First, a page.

1922 Pierce-Arrow Enclosed Drive Limousine; Model 33; 4-door sedan, 7 passenger
Owner: Bernie and Janice Taulborg Collection
Original cost: $8,250.00 ($117,562.00 in 2018 dollars)
Number made: 1,200 (Model 33, 1922)
Engine, etc.: 6 cyl.; vertical T-head, 255.6 cu. in, 38 hp; 3-speed; 138 in. wheelbase
Before becoming one of the most prestigious automobile makers,the George N. Pierce Company made a variety of household items including birdcages and ice boxes. By 1905, the company was producing some of the biggest and most expensive automobiles available.
The Glidden Trophy was first awarded in 1905 and won by Percy Pierce, driving a Great Arrow. The Glidden Tour was an endurance run with the most roadworthy car winning the trophy – which Percy Pierce did for the next four years.
The Pierce Company brought out its first six cylinder car in 1907. It had a 135 inch wheelbase, weighed over 4,000 lbs., and cost between $6,500.00 – 7,750.00. No doubt, it was aimed at a very wealthy market. These were good years for Pierce, with the reputation gained from the Glidden Tour and other awards, it was able to sell an entire year’s production before the year began.
The Pierce-Arrow Company was launched in 1908 and the Great Arrow cars were named Pierce-Arrow.
Its prestige continued to grow when President Taft ordered two Pierce-Arrows for the White House in 1909. He was the first president to use an automobile for official occasions. This tradition continued into the Roosevelt administration when the last Pierce-Arrows, 1935 models, were ordered by the White House. The car was a status symbol with many Hollywood stars owning Pierce-Arrows. Most royalty of the world had at least one Pierce-Arrow including the royal families of Japan, Persia, Saudi Arabia, Greece, and Belgium.
The company pioneered extensive use of aluminum and power braking but the most famous of all Pierce-Arrow features, the fender headlamp, arrived in 1913. By 1915, the company was preeminent in the highest echelon of the luxury car market in terms of both prestige and output.
The Series 33 was produced from 1921 – 1926. The engine and design were new to Pierce-Arrow, having been introduced after World War I. The cars were elegant and stately with a price tag that rivaled other luxury cars of the day. Their higher price meant these were exclusive machines, finished with all of the luxury amenities available.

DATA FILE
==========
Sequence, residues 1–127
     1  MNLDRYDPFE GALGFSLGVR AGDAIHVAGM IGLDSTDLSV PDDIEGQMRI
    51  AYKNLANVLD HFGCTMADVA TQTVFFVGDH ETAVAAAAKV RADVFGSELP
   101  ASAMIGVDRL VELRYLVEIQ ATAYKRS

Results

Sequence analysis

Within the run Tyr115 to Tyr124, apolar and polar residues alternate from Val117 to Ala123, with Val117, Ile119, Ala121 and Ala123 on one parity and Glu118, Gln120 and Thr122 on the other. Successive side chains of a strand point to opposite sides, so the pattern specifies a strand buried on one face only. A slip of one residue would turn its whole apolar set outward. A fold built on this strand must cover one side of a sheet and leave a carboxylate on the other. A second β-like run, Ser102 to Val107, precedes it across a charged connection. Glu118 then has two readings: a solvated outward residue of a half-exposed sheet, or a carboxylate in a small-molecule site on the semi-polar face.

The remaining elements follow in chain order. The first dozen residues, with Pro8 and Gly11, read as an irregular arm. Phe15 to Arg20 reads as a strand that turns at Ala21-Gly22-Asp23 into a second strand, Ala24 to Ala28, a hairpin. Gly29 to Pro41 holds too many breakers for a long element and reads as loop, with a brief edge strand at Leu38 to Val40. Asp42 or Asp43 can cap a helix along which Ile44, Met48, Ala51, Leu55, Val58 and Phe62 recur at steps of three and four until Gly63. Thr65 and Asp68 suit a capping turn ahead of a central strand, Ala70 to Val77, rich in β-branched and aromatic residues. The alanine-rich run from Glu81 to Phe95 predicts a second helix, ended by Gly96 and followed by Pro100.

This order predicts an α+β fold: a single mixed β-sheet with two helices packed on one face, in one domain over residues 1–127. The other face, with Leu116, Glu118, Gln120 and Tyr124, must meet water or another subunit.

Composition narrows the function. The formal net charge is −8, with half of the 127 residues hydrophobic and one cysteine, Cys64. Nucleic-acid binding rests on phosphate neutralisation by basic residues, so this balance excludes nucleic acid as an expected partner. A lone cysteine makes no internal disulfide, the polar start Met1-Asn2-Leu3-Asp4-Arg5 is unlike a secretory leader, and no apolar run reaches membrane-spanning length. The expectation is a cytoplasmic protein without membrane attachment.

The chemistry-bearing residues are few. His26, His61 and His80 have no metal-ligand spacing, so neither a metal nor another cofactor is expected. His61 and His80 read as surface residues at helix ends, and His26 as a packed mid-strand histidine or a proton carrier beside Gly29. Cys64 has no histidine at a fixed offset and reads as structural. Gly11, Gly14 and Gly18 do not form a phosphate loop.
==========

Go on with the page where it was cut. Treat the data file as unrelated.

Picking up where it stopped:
The six-cylinder engine had a dual-value set-up, integrated by Pierce-Arrow’s chief engineer, David Fergusson. The design of the engine was influenced by European techniques and its incorporation into an American engine was a rarity. The dual-valves resulted in increased power and better fuel economy. The engine was smooth, reliable, and durable, producing enough horsepower to carry large and stately bodies. It proved popular with the driving public and the rum-runners of Prohibition.
Pierce-Arrow was a strong believer in the 6-cylinder engine while other manufacturers, including Cadillac and Packard, were using the more powerful and more easily tuned 8-cylinder engines. This did not change drastically during the 1920’s, another potential reason for their demise.
With its size, adequate brakes were required and the Series 33 were among the first to be given four-wheel mechanical brakes. The company viewed hydraulic brakes as less reliable and prone to fluid leaks.
One of the most prominent and famous design features were Pierce-Arrow’s headlights which were integrated into the front fenders. This feature was designed in-house in 1913 and patented by Herbert M. Dawley. The design was used on all models until the end of production in 1938.
Advertisements for the car were artistic and understated. Unusual for the time, the image of the car was in the background of the ads, rather than in the foreground of the picture. Only part of the car was visible and it was depicted in elegant and fashionable settings.
The onset of the Great Depression and problems with management prompted a merger with Studebaker in 1928. A new model was introduced in 1933 in hopes of appealing to the wealthy and a slightly lower priced model came out later. Neither generated the sales needed to keep the company going. Pierce was the only luxury brand that didn’t produce a lower-price car to help with cash flow. Without sales or funds for development, the company declared insolvency in 1938.
Source: Standard Catalog of American Cars, 1805 -1942. Beverly Rae Kimes, et al. 3rd ed. Krause Publications, 1996.
http://www.pierce-arrow.org/history/index.php (Pierce Arrow Society site)
https://www.pierce-arrow.org/advertising-gallery/ (Advertising for Pierce Arrows)